Meanwhile, Orla Kiely seemed to combine the sixties and seventies, featuring silhouettes from both in her schoolgirl-inspired presentation. Set against the backdrop of a library, Kiely’s models looked preppy and smart in their boldly coloured, maths- and geometry-inspired patterns.
It was clear that the seventies seemed to be the most popular sartorial inspiration for AW15 though, with numerous designers referencing the different aspects of the decade. Burberry Prorsum combined patchwork and print in a collection that screamed seventies seduction and managed to incorporate fringing, teddy bear coats, and thigh high suede boots effortlessly. Matthew Williamson channeled boho chic, with a jewel-toned colour palette influenced by birthstones and effortless, floor sweeping looks accessorized with thick furs. Temperley London also went down the boho luxe route, with a glitz-infused collection that featured intricate tribal-esque patterns, loose but feminine shapes, and stunning embroidery. Felder Felder and Fashion East’s Mary Benson both chose to interpret the more glam rock seventies vibe, with Felder Felder using sparkle, laser cutouts, and vibrantly coloured fur to edge up more classic 70s patterns, and Benson mixing glitter platform heels, holographic appliques and an overall “gender bending” vibe inspired by 70s icons like Mark Bolan. Conversely, Asli Polat and Paul Smith chose to reinterpret more everyday seventies style. While both used a muted palette and traditional seventies checked patterns, Smith focused predominantly on masculine tailoring with a bright, mustard yellow accent hue, whereas Polat subtly channeled a mid-western Americana vibe, as well as collaborating with German teddy bear manufacturer Steiff to create huggably soft mohair and fur, both of which were used generously throughout the collection. The design duo at Peter Pilotto also incorporated an element of nostalgia in their 70s inspired collection, taking inspiration from old board games to create graphic prints in bold, almost neon colours that contrasted beautifully with their base colours of white, khaki, brown and black.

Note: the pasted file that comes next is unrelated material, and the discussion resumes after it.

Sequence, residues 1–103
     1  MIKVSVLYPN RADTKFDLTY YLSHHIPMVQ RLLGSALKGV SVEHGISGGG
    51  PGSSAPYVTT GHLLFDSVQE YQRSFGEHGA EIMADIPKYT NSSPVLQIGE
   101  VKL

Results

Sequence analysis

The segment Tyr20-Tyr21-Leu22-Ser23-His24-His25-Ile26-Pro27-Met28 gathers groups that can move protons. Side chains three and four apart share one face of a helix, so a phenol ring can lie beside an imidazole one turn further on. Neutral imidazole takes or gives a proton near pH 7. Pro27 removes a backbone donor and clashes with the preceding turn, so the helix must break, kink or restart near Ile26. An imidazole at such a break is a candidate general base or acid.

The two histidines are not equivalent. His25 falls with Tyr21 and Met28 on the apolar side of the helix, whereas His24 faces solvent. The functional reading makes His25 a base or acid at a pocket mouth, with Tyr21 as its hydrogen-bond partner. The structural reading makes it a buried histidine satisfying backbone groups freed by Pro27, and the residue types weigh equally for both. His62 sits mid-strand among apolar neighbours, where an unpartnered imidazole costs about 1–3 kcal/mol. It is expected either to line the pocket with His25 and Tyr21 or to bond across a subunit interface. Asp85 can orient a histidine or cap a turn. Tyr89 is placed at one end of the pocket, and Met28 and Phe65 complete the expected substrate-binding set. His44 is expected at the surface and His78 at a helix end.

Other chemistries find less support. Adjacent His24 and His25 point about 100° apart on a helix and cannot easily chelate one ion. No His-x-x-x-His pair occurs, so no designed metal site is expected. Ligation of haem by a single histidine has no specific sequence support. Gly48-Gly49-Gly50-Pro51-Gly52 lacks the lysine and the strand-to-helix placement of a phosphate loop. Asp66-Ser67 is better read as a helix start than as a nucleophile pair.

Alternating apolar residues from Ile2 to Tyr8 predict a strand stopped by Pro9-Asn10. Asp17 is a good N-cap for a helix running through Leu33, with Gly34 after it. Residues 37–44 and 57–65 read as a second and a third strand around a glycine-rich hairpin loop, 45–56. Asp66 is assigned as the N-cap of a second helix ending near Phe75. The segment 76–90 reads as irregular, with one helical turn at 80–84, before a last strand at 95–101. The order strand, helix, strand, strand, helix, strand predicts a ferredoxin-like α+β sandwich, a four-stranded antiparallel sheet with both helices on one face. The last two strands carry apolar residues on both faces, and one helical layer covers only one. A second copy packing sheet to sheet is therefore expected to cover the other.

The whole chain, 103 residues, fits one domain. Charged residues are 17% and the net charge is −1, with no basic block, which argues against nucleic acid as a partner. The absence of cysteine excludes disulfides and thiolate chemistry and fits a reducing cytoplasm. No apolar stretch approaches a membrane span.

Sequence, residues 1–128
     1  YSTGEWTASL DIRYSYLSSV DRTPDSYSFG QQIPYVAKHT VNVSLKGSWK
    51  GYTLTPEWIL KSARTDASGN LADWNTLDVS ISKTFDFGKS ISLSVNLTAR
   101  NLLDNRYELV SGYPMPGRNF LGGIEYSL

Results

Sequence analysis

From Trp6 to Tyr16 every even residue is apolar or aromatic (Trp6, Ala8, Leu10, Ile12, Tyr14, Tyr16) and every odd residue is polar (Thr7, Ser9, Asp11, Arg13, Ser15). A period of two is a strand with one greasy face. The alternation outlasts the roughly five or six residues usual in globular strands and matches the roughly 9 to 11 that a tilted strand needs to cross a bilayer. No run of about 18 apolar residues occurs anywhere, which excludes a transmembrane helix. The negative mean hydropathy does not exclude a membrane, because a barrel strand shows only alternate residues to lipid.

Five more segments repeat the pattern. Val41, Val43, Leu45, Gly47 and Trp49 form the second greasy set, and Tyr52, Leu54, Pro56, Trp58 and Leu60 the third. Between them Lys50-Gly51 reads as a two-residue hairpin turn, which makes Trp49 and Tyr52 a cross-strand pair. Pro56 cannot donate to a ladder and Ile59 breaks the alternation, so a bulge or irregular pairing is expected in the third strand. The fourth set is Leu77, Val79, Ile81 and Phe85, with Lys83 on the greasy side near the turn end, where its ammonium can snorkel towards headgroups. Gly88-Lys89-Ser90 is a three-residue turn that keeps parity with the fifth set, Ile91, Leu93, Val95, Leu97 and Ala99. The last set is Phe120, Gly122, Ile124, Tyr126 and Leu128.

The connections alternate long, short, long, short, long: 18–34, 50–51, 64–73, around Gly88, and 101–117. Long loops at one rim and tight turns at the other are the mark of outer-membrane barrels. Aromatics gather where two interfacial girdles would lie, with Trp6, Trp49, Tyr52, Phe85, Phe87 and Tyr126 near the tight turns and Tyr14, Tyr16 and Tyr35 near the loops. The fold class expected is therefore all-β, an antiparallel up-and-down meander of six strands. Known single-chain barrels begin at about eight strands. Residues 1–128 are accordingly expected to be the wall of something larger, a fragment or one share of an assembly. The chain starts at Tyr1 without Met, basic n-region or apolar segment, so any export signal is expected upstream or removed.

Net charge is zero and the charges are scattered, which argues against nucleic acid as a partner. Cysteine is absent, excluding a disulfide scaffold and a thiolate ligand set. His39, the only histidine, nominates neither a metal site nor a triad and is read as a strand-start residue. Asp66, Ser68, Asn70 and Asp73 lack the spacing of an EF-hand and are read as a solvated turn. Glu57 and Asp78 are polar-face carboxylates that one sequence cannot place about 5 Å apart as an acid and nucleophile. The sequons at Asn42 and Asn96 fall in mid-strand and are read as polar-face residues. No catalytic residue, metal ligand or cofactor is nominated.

J.W. Anderson differentiated himself from other designers by choosing to reinterpret the often damned shapes of the eighties. Working with patent leather, corduroy, tassels, sequins and lurex in a host of bright colours, Anderson channeled Saturday Night Fever for the modern woman. Topshop Unique’s catwalk also featured a decidedly eighties vibe, though in a more subdued fashion than Anderson, and with more of a focus on the label’s traditional British heritage roots. This doesn’t mean that the Topshop Unique girl was boring in comparison though, with her wardrobe that ranged from luxurious everyday pieces and cuddly fur trimmed outerwear to sequined, dandelion print shift dresses and ostrich feather trimmed satin cocktail outfits.
Rounding off our tour through the decades, Shao Yen and Fashion East’s Caitlin Price both paid homage to the nineties. Yen’s presentation, titled “Flesh”, was an exploration of musculature and blood which centred largely on knitwear, with models sporting striking topknots in their hair and oversized accessories that brought it firmly into 90s territory. Price, meanwhile, played with the concept of a high fashion, south London Rude Girl, mixing satin and “princess-like” silhouettes with visible thongs, gelled baby hair, tracksuits and nineties crop tops.
Though the English weather tends to be dark and gloomy come autumn/winter-time, a subset of LFW designers proved that this year, your wardrobe doesn’t have to be. Indeed, get ready to provide your own sunshine with primary brights, stand-out colour blocking and all the clashing colours you could imagine!